When you don’t tidy in one big effort you’ll never achieve the task properly Marie says. She even goes as far as to say you should start early in the day so you have the best light in which to evaluate things. When I started out my tidying it took me over five hours and that wasn’t the whole of my room so I definitely recommend setting aside a day per large space in your home.

Folding vs. Hanging

Marie says you should fold as much as possible but I’m not able to do that in New York. I hang most things in my closet and then fold my tees, workout gear, shorts and pajamas. The rest of my drawers are dedicated to undergarments, socks/tights and linens. In my closet I have a tetris game of shoe boxes, jeans folded on a shelf and then cascading hangers. My clothes don’t really have room to breathe like Marie says they should but it is a product of too much stuff + one rather small closet. Then there’s the rolling rack my roommates and I put jackets and coats on, too. It’s a lot in not a lot of space, but we make it work because, well, #cityliving.

That being said, I did try out Marie’s method of folding which is that “everything should be in a rectangle” and this was rather life changing. I ended up with two fully empty drawers after I folded everything like Marie says and I was shocked at how much more room I had. Instead of folding things like you see in stores, fold things in rectangles and then place them in the drawer so that you can clearly see everything from bottom to top. This way you can pull out exactly what you need and not have to riffle through the pile wondering where something is. Brilliant!

Everything Should Have a Place

The biggest takeaway I had from the book that has made a lasting impact the past few weeks is having a place for every item and after using something, putting it back in the place it belongs. It’s created far less tidying on an ongoing basis and you realize how easy it really is to just put things back where you got them (like your parents always told you to…ha!) My room has been cleaner ever since I started practicing this and I absolutely love having a neater space on a regular basis.


So there you have it! Those were my main takeaways but I have no doubt I’ll revisit the book when I move into my next place. I feel like since finishing the book I am looking at things with a more discerning eye and much more quickly deciding whether to “keep” or “toss” and that alone is valuable to me.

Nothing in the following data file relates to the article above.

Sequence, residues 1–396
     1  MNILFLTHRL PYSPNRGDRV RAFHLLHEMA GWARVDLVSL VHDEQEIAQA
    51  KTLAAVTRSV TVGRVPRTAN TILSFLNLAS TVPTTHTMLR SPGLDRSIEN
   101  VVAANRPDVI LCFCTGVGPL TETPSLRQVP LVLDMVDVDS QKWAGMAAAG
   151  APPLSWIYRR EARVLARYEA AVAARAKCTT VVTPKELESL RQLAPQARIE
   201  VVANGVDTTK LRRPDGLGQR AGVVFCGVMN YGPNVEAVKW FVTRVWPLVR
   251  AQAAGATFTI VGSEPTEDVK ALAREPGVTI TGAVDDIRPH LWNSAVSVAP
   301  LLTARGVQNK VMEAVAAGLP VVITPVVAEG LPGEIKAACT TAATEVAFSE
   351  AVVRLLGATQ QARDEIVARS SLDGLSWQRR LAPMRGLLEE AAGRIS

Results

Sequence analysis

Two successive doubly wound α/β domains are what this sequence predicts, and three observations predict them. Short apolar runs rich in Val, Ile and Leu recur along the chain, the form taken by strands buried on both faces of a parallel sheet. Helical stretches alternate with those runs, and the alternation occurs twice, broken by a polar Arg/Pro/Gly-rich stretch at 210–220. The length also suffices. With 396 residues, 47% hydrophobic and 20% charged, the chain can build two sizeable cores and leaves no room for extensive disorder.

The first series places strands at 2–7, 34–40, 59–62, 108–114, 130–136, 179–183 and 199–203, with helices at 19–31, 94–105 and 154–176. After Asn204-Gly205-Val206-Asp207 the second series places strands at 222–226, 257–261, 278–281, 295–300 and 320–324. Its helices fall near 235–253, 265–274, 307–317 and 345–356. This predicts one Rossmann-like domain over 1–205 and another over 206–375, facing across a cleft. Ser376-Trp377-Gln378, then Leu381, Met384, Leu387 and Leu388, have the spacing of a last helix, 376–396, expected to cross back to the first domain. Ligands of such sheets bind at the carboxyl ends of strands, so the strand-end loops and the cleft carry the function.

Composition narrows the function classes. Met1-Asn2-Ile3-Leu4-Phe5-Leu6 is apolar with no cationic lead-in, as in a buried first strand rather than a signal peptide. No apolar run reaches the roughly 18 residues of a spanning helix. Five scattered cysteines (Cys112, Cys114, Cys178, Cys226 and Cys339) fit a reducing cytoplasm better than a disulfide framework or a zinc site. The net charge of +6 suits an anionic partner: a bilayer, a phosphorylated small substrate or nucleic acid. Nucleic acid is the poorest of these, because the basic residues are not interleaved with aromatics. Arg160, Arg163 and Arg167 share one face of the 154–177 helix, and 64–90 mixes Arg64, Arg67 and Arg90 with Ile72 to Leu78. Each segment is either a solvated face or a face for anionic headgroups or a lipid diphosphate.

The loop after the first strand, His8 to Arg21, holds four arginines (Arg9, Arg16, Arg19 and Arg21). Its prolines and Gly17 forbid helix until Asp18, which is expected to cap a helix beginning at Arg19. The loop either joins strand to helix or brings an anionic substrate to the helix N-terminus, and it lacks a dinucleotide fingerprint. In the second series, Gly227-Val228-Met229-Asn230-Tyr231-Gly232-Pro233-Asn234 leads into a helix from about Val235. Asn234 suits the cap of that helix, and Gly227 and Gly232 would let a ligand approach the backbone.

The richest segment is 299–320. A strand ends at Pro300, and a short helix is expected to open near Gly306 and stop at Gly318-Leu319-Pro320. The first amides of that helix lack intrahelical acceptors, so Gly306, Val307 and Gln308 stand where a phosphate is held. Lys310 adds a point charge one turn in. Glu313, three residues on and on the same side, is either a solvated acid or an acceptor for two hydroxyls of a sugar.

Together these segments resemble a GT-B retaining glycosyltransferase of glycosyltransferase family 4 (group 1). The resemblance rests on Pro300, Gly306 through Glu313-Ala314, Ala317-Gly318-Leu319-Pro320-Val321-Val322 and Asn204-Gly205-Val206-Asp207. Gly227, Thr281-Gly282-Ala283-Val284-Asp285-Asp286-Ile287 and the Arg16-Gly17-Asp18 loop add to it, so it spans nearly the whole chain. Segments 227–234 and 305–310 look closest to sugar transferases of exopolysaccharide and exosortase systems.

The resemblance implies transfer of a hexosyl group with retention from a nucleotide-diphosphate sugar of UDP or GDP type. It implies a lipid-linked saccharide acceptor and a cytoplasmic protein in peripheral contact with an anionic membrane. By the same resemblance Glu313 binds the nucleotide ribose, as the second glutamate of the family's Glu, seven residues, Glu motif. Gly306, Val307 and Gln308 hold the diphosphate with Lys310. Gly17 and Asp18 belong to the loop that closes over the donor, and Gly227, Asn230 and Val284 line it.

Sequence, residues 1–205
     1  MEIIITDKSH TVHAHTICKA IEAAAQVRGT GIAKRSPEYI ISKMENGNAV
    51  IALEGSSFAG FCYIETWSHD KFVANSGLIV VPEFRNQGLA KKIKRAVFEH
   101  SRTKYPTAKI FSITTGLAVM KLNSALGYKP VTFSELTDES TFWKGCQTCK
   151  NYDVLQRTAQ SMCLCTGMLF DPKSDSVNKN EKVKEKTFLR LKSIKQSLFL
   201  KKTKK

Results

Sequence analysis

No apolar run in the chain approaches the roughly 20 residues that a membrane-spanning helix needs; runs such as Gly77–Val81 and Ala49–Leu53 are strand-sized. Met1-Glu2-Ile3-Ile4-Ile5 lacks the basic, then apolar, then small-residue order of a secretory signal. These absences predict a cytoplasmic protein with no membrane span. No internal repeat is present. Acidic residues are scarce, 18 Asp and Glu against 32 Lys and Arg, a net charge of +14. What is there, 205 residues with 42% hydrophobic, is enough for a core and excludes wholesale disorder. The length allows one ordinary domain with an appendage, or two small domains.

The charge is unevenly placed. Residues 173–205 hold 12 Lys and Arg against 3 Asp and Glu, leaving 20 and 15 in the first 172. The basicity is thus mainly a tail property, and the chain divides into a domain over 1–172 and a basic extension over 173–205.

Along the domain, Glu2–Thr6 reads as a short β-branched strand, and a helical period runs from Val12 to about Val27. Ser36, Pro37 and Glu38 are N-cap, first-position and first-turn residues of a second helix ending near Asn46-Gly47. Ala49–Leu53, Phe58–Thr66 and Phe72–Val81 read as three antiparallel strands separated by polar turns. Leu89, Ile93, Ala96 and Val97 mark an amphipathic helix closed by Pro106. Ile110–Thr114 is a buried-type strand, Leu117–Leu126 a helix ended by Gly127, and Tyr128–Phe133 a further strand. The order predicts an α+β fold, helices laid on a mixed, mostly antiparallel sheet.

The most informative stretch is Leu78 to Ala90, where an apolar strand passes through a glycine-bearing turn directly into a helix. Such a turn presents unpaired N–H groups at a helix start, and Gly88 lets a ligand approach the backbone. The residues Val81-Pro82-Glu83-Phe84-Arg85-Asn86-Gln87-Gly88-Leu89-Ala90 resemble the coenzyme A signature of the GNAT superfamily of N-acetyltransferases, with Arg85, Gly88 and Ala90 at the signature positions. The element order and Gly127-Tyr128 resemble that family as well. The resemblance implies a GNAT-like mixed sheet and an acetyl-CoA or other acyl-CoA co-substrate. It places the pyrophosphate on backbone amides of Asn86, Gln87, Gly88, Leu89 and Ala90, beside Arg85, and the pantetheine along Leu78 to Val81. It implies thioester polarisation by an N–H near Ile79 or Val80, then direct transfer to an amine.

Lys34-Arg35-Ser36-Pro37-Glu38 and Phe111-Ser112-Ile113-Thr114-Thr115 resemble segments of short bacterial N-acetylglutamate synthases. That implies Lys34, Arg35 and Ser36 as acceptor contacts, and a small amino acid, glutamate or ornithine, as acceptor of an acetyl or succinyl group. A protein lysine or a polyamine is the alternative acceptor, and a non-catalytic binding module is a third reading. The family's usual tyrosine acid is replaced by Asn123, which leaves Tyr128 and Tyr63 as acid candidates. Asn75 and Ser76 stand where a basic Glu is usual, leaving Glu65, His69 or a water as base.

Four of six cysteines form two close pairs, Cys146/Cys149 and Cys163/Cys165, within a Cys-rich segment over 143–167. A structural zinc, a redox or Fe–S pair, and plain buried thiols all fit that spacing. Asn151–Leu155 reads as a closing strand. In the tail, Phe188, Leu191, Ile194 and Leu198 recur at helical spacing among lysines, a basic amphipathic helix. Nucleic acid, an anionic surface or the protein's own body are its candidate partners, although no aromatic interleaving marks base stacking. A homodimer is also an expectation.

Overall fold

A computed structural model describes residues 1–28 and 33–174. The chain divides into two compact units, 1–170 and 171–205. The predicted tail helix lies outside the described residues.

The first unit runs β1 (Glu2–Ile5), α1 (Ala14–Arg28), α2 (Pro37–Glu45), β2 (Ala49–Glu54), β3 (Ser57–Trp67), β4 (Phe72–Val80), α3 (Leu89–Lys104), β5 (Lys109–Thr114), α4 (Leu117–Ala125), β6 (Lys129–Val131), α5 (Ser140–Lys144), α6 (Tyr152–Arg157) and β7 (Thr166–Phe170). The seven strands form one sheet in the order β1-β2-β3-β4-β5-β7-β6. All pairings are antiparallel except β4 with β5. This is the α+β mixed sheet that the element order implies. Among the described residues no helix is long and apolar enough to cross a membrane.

Have you read the book? If so I would love to hear your thoughts!

[Bekka Palmer Photography originally seen in this post]

comments +

  1. Merritt Beck says:

    Wow thanks for sharing these mini takeaways from the book!

    The Style Scribe

  2. Lauren says:

    I read the book and didn’t find it to be as great as everyone has claimed. I mean it’s pretty much common sense to get rid of things you don’t like. As for the folding, I too was amazed at how much space I had left over. Just wait till you take out a sweater or t shirt to wear. Her folding method causes clothes to wrinkle much more! I stopped using her folding method when I found I had to iron or steam a shirt every morning before wearing it.

    • Meghan says:

      So I agree that it isn’t life changing but I did find some of the takeaways helpful. I’m never going to be one of those super neat + tidy people but I did have room for improvement and that’s what I liked about reading the book. And good to know about the folding for certain fabrics! I for one wouldn’t ever fold silk or hard to iron items but I also SWEAR by Downey Wrinkle Release. If you haven’t tried it, I highly recommend it!

  3. islandvista says:

    thanks Maxine you re right; it doesn t necessarily mean more stuff comes into the cleaned out space. It can mean any kind of abundance, even abundance of more space in which to think, to breathe, to meditate, to concentrate focus without distractions. It can even open up space to consider what s next in your life; the way is made more clear. I know to some that may sound woo-woo, but it has proved true enough for me.